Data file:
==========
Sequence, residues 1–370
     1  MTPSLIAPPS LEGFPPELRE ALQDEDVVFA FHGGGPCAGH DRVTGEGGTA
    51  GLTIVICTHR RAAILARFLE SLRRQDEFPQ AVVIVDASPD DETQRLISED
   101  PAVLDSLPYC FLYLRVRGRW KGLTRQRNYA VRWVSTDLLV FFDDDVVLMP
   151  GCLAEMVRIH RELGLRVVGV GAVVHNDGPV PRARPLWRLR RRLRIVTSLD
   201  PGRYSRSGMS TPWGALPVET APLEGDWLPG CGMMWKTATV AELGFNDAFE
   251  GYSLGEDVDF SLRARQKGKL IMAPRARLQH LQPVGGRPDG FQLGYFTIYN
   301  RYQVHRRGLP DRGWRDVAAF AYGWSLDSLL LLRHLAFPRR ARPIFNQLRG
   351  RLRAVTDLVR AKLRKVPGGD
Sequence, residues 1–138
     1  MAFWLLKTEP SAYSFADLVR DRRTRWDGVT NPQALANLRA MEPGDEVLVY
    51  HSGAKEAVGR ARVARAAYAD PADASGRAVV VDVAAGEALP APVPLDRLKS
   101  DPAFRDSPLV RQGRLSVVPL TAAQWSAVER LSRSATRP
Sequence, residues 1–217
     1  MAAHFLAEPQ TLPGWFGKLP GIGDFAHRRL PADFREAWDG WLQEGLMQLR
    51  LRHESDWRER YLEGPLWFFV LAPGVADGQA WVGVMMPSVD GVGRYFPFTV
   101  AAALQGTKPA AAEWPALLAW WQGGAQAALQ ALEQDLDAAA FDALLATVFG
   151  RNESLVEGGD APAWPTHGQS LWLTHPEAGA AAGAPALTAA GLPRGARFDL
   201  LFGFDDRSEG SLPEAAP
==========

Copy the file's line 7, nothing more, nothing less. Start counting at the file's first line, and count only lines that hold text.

   251  GYSLGEDVDF SLRARQKGKL IMAPRARLQH LQPVGGRPDG FQLGYFTIYN